The music on Silent Season, the Canadian dub techno label releasing this LP, is inspired by nature. Van Dijk fits this style to a tee, though his perspective is nocturnal. Synth lines flicker like distant stars, around which Van Dijk applies thick, dark strokes of atmosphere. On "Rotar"—at once Landforms' most subtle and most compelling track—Van Dijk creates an epic out of the tiniest sounds, with each careful streak adding up to a beautiful, abstract swirl of techno.
"Rotar" follows the same approach as the VC-118A album: working in an established form while gently colouring outside the lines. Landforms is bolder with bigger splashes of melody. Gloomy organs roll in like rainclouds on the otherwise barebones "Outline," while "Voltool One" foregrounds a woozy drone that makes its stable rhythm feel curiously off-kilter. The 12-minute centrepiece, "Neptune," shows a knack for patient pacing—a big part of what makes Van Dijk such a good album artist.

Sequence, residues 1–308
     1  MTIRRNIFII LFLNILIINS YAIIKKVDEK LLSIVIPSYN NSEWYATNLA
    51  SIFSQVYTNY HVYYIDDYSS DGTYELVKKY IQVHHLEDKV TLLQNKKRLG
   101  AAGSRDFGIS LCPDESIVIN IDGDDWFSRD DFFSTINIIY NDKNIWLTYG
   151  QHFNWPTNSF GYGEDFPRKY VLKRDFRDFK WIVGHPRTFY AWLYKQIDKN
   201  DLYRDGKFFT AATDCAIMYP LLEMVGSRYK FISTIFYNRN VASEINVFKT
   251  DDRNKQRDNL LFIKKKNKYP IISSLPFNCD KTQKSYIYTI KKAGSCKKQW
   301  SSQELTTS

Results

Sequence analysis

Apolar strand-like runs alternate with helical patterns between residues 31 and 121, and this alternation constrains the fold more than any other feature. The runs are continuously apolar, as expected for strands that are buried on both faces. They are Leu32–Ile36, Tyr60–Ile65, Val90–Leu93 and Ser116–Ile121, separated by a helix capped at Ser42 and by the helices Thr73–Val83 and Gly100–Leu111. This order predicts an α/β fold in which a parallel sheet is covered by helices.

Silent Season also excel at the album format. Careful sequencing and attention to detail makes an hour of intricate techno feel immersive and compelling. Landforms is yet another luxurious Silent Season LP, though it's also subtly distinct. The cover, designed by Van Dijk, does not depict a verdant landscape of, say, Vancouver Island, but rather photography that could be satellite pictures of Jupiter or alien-looking landforms closer to home. The music doesn't evoke the crunch of twigs underfoot or boots through snow so much as astral starscapes and clear summer nights, a refreshing shift from the earth to the air.